Doctor burnout is becoming a huge problem, according to new research, which finds that nearly half of all physicians feel completely depleted, to the point where one in seven have contemplated suicide.
The annual Medscape report, released Wednesday, finds that on average, 44 percent of the medical professionals your existence depends on report feeling stressed out to the point where they’ve considered leaving the field altogether.
A higher percentage of these wiped-out life-savers are women, according to the survey of more than 15,000 doctors.
“It’s alarming,” says Brunilda Nazario, lead medical director at WebMD, which owns Medscape. “These numbers haven’t changed, and the problem just continues to be a trend, despite increasing programs to address wellness,” such as “nutrition and exercise programs, or more time off.”
The reason for the scary numbers isn’t what you would think: Most doctors say it’s the level of paperwork and data input they’ve had to do since medical records went digital. Doctors end up spending about 45 minutes per patient visit on tasks like “inputting data codes for the visit,” Nazario says, leaving little face-to-face time with patients.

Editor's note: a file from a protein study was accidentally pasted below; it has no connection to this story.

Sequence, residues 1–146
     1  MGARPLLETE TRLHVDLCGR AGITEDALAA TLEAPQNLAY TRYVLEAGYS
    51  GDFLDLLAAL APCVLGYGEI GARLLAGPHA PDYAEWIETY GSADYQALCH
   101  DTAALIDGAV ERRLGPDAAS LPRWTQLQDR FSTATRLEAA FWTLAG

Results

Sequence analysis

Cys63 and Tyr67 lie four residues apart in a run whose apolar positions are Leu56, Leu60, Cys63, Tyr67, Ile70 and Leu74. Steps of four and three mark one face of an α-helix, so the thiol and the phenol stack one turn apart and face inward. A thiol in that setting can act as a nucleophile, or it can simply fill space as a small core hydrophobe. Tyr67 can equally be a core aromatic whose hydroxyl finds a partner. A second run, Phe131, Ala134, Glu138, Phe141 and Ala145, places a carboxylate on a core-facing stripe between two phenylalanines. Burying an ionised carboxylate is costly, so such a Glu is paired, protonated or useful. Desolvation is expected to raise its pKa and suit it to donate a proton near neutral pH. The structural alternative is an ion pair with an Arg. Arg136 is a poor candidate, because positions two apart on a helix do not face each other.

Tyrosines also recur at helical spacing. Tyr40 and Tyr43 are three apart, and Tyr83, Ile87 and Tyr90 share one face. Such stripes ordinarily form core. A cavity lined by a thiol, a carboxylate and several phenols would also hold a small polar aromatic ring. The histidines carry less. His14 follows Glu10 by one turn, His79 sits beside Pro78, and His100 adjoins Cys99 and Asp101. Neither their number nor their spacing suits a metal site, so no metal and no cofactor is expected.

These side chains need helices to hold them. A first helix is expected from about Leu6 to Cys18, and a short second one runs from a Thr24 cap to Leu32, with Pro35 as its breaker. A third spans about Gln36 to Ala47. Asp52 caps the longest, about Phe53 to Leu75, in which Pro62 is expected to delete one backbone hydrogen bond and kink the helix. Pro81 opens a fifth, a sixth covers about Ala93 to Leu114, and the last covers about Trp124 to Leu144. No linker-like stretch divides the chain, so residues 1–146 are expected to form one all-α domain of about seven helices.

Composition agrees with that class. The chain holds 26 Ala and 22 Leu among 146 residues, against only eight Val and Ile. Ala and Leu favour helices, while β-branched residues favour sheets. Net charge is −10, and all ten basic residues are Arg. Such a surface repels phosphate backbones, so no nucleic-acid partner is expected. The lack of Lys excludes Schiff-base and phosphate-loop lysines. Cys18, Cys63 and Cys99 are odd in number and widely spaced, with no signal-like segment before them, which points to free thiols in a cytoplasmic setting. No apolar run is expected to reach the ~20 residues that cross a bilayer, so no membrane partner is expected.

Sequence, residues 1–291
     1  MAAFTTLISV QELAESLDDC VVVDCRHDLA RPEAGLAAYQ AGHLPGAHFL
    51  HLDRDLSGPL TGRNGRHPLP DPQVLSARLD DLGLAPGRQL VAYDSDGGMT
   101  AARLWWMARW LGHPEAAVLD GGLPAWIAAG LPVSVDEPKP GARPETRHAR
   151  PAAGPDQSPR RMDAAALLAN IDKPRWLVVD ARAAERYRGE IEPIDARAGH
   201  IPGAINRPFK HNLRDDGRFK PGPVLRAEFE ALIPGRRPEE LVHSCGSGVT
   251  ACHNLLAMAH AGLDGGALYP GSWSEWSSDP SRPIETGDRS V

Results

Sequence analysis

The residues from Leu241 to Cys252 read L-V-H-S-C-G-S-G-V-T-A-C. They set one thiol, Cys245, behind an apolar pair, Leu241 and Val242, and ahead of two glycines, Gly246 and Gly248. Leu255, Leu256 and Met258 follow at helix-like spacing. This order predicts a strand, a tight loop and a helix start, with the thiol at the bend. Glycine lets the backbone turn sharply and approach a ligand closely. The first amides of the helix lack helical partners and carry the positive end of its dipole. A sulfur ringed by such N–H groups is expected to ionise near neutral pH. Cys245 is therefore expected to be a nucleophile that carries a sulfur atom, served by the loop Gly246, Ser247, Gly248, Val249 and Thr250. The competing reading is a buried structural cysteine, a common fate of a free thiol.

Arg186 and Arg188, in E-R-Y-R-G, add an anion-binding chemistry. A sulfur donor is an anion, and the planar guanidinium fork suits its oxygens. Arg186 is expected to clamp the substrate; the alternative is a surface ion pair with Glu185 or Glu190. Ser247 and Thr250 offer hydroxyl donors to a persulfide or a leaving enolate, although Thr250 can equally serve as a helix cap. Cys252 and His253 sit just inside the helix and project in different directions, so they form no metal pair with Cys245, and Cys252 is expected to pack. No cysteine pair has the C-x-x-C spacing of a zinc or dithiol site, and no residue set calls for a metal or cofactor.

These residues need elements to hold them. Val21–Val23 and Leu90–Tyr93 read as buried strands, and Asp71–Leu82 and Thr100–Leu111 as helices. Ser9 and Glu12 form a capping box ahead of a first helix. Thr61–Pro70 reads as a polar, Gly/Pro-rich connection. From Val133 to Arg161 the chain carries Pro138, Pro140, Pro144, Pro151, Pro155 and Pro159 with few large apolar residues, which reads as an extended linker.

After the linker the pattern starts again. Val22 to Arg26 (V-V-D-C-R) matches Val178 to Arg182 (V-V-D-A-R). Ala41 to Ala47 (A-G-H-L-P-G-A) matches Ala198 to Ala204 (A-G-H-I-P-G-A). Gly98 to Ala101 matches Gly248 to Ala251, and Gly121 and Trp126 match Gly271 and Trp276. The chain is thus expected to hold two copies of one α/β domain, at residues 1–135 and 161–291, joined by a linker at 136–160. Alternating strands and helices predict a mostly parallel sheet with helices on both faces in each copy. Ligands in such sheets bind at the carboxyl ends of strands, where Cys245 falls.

“[Doctors] are spending an enormous amount of time taking in data during physician-patient visits,” she says. “I know during my last visit for my physician, I think the doctor spent no more than two minutes looking at me. They were looking at a computer screen.”
The result is scary: “I dread coming to work,” one neurologist says in the report.
A family physician says the stress is taking a toll on her physically: “I’m having recurrent miscarriages.”
“I’m drinking more and have become less active,” an anesthesiologist says.
Though most doctors say the depression doesn’t affect their patient care, 35 percent say they find themselves getting exasperated with their patients, and 14 percent say they make errors they wouldn’t normally make.
Nazario says that while burnout is common among workers, for doctors, it can seem worse because all the schooling and training they’ve undergone can feel like a waste when most of their day is spent typing codes into their medical software.
“It’s almost like being a cog in a wheel, where they’re going through the motions of what’s necessary, not necessarily using all the knowledge that she or he has gained in the years of training,” Nazario says.
And though it changes every year, in 2018, urologists reported the highest rate of burnout and depression (54 percent), followed closely by neurologists (53 percent).
Nazario says she’s not sure why urologists are this year’s most burnt out, but that doctors who work longer hours tend to have higher levels of burnout, according to the survey.
“I don’t think physicians blame the patients,” she says. “It’s pretty clear that they feel this is a system-wide health care situation.”
On the other hand, the doctors who were happiest on the job?